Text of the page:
Apple’s WWDC event is less than 6 hours away. There has been many a rumour flying around everywhere about all kinds of devices and softwares.
Despite Apple CEO Tim Cook teasing that Apple would introduce new products “across 2014,” so far this year the company has simply released a cheaper version of the iPhone 5c in select markets, marginally faster MacBook Airs, and the 2012 fourth-generation iPad at a lower price.
Here’s what we expect Apple to unveil at this year’s WWDC:
iOS 8 “Okemo”
Apple is expected to release its mobile OS, iOS 8, internally codenamed “Okemo,” which is expected to contain a slew of new features though an iOS 7-like drastic design change is definitely out of the window. Apple will be heavily concentrating on refining the performance of some major features, and announce an iOS 8 beta.
Maps is also expected to feature transit information, thanks to various acquisitions made by the Cupertino company. This transit feature will be integrated as both a new view (in addition to Standard, Hybrid, and Satellite), and as a new option alongside walking and driving for directions.
The Cupertino company is also likely to include a “Healthbook” application, an application that aggregates health and fitness data from various applications and hardware accessories.
‘Smart Home’ automation feature for iPhone is also said to be part of this major update. The program seems to be an extension of Apple’s MFi Accessory program. Customers will be able to tell which devices can be controlled by iOS devices based on specific Apple-provided branding.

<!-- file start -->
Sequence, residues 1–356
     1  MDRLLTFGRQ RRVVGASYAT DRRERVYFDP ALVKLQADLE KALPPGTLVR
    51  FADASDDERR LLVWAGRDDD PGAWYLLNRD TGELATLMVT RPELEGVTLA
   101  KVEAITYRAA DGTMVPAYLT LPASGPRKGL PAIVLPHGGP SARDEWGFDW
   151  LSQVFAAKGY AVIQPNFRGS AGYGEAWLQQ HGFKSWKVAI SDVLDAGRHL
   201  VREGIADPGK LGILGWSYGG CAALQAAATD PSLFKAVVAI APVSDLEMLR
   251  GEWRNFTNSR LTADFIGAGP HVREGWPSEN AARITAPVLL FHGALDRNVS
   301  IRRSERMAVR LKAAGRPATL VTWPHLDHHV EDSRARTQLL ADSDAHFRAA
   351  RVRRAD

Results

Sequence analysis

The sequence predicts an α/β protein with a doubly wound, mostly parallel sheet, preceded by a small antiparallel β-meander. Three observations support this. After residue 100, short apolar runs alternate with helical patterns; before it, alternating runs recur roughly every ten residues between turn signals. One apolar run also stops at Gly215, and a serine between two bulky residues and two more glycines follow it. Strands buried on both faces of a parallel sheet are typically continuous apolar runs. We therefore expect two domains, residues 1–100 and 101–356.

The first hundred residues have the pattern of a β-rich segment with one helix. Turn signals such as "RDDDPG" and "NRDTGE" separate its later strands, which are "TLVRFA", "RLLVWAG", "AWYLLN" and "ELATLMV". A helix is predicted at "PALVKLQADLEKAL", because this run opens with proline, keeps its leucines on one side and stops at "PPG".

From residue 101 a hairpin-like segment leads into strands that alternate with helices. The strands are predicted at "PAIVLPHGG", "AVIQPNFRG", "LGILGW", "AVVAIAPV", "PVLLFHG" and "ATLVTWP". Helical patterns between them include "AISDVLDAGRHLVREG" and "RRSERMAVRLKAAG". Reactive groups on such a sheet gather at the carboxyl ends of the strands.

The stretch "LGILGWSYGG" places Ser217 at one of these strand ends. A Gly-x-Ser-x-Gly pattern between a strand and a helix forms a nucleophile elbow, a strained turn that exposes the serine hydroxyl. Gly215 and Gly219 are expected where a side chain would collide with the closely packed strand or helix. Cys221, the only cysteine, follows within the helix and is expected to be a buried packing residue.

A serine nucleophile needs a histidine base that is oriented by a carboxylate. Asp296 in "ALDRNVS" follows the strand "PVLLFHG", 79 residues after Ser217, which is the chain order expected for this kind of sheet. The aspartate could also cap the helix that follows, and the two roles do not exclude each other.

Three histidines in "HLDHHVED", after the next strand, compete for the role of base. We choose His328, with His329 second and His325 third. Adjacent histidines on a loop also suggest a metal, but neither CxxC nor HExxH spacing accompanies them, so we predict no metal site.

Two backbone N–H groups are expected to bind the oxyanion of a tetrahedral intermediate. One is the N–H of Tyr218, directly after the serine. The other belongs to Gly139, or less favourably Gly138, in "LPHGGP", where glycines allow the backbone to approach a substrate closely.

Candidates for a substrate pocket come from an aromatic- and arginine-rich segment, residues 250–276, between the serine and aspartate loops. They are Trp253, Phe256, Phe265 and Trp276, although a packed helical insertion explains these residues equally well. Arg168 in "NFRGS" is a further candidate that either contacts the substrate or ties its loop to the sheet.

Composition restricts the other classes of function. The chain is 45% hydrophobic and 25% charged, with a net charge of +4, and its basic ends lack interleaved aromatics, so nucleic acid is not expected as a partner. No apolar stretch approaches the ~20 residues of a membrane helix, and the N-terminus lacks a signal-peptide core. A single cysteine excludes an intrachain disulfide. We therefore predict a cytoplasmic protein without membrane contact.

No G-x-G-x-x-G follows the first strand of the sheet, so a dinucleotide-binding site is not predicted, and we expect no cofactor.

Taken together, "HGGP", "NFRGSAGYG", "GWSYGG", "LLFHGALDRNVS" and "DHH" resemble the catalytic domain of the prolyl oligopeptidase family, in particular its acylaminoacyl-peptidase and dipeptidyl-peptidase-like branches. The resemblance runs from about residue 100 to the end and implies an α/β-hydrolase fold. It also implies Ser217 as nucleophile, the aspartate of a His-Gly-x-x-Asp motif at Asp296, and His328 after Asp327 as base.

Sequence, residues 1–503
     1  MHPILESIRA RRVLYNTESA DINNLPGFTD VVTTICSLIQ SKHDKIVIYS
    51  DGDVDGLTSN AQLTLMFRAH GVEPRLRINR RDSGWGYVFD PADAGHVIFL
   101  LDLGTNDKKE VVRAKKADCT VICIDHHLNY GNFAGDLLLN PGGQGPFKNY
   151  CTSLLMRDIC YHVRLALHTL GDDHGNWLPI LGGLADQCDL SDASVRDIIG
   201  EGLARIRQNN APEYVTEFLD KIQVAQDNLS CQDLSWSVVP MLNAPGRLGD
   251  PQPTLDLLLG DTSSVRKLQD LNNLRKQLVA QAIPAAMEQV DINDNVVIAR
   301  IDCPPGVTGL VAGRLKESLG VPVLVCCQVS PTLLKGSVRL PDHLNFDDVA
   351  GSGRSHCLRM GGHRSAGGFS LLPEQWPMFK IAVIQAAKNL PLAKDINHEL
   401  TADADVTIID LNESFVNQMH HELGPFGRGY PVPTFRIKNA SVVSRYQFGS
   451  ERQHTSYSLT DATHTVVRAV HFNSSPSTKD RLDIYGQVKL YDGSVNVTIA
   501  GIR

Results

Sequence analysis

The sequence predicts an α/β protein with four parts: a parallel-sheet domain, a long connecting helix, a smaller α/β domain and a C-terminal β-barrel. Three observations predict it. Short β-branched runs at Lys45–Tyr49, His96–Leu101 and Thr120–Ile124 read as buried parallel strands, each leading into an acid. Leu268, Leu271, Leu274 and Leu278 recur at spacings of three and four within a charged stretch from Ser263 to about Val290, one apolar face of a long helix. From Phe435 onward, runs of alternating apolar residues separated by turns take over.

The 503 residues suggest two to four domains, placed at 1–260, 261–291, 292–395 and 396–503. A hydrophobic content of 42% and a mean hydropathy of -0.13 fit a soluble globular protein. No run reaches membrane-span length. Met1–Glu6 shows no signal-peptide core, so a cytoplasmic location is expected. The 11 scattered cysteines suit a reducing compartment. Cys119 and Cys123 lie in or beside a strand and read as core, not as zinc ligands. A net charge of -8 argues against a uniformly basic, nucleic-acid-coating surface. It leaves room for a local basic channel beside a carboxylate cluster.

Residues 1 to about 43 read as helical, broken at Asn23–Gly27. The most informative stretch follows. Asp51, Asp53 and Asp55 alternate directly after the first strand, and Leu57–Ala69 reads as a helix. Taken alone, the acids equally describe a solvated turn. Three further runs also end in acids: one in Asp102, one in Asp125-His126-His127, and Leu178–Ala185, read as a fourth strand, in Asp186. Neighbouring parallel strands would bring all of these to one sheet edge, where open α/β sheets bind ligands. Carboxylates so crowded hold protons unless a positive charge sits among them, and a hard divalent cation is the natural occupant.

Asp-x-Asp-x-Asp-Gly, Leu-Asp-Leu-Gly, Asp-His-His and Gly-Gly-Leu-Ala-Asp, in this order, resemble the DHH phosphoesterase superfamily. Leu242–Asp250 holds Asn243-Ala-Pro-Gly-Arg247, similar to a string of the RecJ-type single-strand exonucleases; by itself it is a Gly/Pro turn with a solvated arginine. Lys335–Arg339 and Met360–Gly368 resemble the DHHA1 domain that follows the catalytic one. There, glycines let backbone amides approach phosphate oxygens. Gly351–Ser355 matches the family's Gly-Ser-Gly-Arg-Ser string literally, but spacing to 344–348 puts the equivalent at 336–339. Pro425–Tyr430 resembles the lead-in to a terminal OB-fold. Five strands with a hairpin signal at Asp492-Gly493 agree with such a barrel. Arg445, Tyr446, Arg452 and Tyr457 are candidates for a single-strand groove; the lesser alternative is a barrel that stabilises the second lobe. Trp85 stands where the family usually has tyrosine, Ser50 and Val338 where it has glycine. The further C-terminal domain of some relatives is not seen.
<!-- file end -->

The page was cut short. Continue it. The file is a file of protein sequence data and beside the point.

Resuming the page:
Shazam in Siri
According to a previous report by Bloomberg, Apple is also working with Shazam to get a Song ID feature in Siri.
Another significant addition being considered for iOS 8 and the next-generation iPhone is voice-over-LTE support (VoLTE), according to carrier sources. Though carrier support also matters. VoLTE is supported in only a few states in the US and a larger rollout might come by the year’s end.
Following Apple’s acquisition of Beats Electronics, Apple is expected to break the iTunes Radio into its own iOS app giving users quicker access to the app’s contents. The interface for the standalone iTunes Radio application is said to be nearly identical to the one found inside of the iOS Music app and its Home screen icon is a terrestrial radio graphic atop a red background (above: via 9to5mac).
Goodbye Game Center!
Apple is expected to remove the Game Center application from both iOS and OS X. Instead the functionality of the app shall be found within the games which have integrated the service.
Apple is developing versions of the Mac operating system’s Preview and TextEdit applications that are optimized for the iPhone, iPad, and the iPod touch. The applications are said to not be designed to actually edit PDFs, images, or text documents. Instead, the apps have been built to serve as tools to view Preview and TextEdit files stored in iCloud via OS X. Apple added iCloud synchronization for Preview and TextEdit documents with OS X Mountain Lion, but has not yet released iOS counterparts to actually view the synchronised content.
According to sources, Apple has planned for iOS 8 to include a new iPad multitasking feature, but the debut of the functionality could be delayed. These people say that the feature will allow iPad users to run and interact with two iPad applications at once. Up until now, every iPad application either developed by Apple or or third parties, via the App Store, is only usable individually in a full-screen view. NYT‘s Brian X. Chen claims on Twitter that the feature won’t be unveiled at WWDC as it is not yet ready, though.
OS X 10.10 “Syrah”